First of all are the primary sources for reconstructing the history of the Basque diaspora in Latin America. The efforts have been focused on trying both to preserve the documentary heritage of collective endeavors of previous generations of Basques in the region, and to make this heritage as open as possible. This has led to the creation of several digital archives that hold and make available the papers of Basque clubs and associations (in the colonial age, as well as in the period after Latin American independence), the periodicals created by and for the communities of Basque immigrants, the views of others about these communities, and some personal archives to any interested person. Among these initiatives is the attempt to recover the memory of one of the latest forced migratory movements to hit the Basque Country: political exile after the Spanish Civil War.
The second type of resource is derived from the later attempts of some Basque diasporic communities to construct their own historical memory, using oral history as their principal tool. Most of the archives of oral sources created through these initiatives are available either on the Internet or in other publicly accessible ways.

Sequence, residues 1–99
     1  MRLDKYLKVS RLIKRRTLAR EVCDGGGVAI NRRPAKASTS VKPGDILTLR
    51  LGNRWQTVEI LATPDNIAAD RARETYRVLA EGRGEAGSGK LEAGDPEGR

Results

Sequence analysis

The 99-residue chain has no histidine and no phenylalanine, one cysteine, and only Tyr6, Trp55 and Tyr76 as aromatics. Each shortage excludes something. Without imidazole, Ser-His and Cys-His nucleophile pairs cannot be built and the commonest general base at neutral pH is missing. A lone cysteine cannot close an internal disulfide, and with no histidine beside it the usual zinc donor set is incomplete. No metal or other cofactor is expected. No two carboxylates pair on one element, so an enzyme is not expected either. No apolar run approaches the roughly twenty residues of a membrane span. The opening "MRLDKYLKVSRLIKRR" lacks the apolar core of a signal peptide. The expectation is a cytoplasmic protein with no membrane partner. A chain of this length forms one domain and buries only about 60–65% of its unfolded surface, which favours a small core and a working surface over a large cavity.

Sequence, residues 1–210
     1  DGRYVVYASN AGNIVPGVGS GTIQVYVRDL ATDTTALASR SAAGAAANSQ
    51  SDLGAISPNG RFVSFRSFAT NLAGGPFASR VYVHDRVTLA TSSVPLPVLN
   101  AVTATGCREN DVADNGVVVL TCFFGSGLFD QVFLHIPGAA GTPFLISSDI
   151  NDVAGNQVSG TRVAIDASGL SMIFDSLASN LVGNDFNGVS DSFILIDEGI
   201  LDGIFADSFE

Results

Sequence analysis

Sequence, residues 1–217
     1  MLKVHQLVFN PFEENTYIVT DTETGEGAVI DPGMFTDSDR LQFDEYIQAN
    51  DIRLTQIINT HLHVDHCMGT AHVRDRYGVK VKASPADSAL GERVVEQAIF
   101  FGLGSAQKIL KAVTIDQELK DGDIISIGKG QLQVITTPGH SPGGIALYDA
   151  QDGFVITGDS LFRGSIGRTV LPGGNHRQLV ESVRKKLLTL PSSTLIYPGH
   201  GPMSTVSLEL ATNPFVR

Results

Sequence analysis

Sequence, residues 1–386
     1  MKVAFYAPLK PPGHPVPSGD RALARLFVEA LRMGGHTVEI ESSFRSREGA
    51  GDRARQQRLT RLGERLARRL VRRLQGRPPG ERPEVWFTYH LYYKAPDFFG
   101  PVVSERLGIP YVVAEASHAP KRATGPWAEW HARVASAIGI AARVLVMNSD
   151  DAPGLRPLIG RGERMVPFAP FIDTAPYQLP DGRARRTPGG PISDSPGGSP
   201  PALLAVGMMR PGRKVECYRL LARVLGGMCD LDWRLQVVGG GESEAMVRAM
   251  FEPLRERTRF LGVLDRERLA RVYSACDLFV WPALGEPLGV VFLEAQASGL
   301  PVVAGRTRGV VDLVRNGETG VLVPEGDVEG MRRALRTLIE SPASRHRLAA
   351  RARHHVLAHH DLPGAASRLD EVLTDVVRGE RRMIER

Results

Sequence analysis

Third, there are also websites whose aim is to provide the reader with first-hand, easily comprehensible articles on topics related to the Basque diaspora. Some of them deserve special comment because of the variety and richness of their contents.
Finally, the lack of specific online, digitalized libraries on the Basque diaspora is somehow compensated for by the emergence of new types of cultural constructs relating to the diaspora in audiovisual form that are also a good source for approaching the topic.
Danielle B. Barefoot
The 21st century brought with it a mass digitization of archival materials that rapidly changed preservation, research, and pedagogy practices. Chilean digital databases, archives, and humanities projects have grown steadily since the late 1990s. These resources developed with the central goals of democratizing access to sources and removing obstructive barriers including accessibility and physical distance. Remote access capabilities coupled with open access of collections encourages greater interaction with repositories including libraries, museums, and archives and materials such as historical documents, newspapers, paper ephemera, music and audio recordings, and photography.